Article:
The first and primary issue before us is whether the trial court properly instructed the jury as to the elements of fraudulent concealment and, if not, then whether any error in the instructions was prejudicial and constitutes reversible error. The trial court gave the jury two instructions on fraud, and later answered a question from the jury about them. Judge Parks, in his opinion for the Court of Appeals, explains:
"The two instructions given by the trial court on fraud were taken from PIK Civ.2d 14.40 and 14.42. Instruction No. 4 (14.40) states the elements of active fraud or misrepresentation while Instruction No. 5 (14.42) describes fraudulent concealment as follows:
"Instruction No. 4
`The essential elements required to sustain an action for fraud are:
1. That false (or untrue) representations were made as a statement of existing and material fact.
2. That the representations were known to be false (or untrue) by the party making them, or were recklessly made without knowledge concerning them.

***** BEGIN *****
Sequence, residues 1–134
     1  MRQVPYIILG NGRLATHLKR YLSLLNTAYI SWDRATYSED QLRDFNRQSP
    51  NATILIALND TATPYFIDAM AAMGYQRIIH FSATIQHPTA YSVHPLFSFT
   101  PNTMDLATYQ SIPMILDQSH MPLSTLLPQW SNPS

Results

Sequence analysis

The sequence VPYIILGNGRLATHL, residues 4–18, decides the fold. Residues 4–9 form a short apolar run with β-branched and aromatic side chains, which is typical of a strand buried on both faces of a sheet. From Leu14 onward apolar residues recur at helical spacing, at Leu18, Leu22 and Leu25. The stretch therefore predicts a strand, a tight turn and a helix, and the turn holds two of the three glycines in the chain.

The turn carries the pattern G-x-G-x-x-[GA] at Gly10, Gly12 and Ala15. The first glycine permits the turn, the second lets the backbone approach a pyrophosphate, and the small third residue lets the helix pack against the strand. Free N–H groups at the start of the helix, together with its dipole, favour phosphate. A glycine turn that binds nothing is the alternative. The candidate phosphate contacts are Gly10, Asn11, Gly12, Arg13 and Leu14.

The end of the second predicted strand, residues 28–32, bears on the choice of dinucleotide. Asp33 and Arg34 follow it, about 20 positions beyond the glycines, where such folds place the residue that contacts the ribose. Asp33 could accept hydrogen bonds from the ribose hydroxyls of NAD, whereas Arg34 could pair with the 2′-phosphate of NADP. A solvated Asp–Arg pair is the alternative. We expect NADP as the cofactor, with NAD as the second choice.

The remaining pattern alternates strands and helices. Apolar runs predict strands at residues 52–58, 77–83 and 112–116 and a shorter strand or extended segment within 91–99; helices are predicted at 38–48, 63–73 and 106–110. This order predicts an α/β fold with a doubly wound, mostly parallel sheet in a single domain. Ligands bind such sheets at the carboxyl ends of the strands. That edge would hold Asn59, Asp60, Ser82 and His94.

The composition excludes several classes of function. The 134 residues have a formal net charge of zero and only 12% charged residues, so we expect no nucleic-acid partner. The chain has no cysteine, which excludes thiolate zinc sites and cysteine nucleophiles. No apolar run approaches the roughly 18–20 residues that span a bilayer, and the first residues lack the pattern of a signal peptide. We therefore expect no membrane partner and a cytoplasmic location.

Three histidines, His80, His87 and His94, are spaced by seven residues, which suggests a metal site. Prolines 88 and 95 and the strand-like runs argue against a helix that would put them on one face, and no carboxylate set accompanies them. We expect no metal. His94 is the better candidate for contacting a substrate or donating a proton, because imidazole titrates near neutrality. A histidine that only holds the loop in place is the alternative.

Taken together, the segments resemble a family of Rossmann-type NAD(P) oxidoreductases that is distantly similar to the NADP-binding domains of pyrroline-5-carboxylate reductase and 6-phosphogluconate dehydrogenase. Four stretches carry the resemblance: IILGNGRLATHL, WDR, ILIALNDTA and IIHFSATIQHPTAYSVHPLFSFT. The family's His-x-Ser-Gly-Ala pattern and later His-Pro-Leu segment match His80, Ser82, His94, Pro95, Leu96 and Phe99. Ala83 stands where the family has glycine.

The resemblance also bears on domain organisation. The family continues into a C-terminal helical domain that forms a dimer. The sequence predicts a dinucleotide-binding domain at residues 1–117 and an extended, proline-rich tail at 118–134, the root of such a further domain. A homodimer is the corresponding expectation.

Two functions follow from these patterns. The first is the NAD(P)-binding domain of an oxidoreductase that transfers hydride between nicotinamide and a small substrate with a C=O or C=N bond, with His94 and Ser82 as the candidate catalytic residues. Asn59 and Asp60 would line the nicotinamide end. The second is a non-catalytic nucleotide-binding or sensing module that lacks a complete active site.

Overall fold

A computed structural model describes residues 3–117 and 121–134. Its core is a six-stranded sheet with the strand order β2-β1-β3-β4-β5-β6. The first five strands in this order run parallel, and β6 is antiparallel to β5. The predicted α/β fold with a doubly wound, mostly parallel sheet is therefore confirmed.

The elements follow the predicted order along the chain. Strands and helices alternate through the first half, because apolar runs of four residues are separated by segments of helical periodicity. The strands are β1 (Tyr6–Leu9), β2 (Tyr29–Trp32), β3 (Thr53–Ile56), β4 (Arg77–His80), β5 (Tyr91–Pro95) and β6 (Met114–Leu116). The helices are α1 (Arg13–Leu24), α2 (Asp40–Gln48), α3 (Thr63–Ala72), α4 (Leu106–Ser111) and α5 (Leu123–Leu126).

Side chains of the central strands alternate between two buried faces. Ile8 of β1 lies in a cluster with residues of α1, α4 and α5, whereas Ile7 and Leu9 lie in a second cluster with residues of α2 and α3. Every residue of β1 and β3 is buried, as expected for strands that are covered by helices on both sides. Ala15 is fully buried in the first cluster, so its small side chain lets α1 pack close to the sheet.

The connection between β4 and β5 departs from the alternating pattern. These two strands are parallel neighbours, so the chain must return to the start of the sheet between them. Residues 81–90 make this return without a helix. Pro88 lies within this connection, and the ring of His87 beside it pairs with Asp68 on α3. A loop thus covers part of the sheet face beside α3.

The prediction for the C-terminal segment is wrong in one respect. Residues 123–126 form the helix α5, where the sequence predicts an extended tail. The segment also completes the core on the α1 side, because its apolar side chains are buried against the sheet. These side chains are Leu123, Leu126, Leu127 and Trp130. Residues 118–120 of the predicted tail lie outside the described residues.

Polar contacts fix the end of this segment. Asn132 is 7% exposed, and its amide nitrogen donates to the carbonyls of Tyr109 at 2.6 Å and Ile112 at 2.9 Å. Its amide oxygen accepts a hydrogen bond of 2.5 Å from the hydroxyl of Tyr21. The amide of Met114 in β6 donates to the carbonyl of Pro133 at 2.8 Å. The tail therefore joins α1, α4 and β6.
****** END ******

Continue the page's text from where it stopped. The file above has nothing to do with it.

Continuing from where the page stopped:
3. That the representations were intentionally made for the purpose of inducing another party to act upon them.
4. That the other party reasonably relied and acted upon the representations made.
5. That the other party sustained damage by relying upon them.
A representation is material when it relates to some matter that is so substantial as to influence the party to whom it was made.'
"Instruction No. 5
`The plaintiff claims fraud through silence on the part of the defendant. To constitute fraud by silence the plaintiff must prove:
1. The defendant has knowledge which plaintiff did not have and which the plaintiff could not have discovered by the exercise of reasonable diligence;
2. The defendant was under an obligation to communicate the true state of facts to the plaintiff;
3. The defendant intentionally failed to communicate to plaintiff the true state of facts;
4. The plaintiff relied upon the defendant to communicate the true state of facts to him; and
5. The plaintiff sustained damages as a result of the defendant's failure to communicate this to the plaintiff.'
"During deliberations, the jury asked the following question: `In order to find fraud by silence do all five items on page 4 and all items on page 5 need to be present[?]' The court responded in writing, after hearing the objections of defendant, as follows:
`In order to find fraud by silence, all five items in Instruction No. 5 must be proved. Instruction No. 4 is not applicable to fraud by silence.'" 12 Kan. App. 2d at 126-27.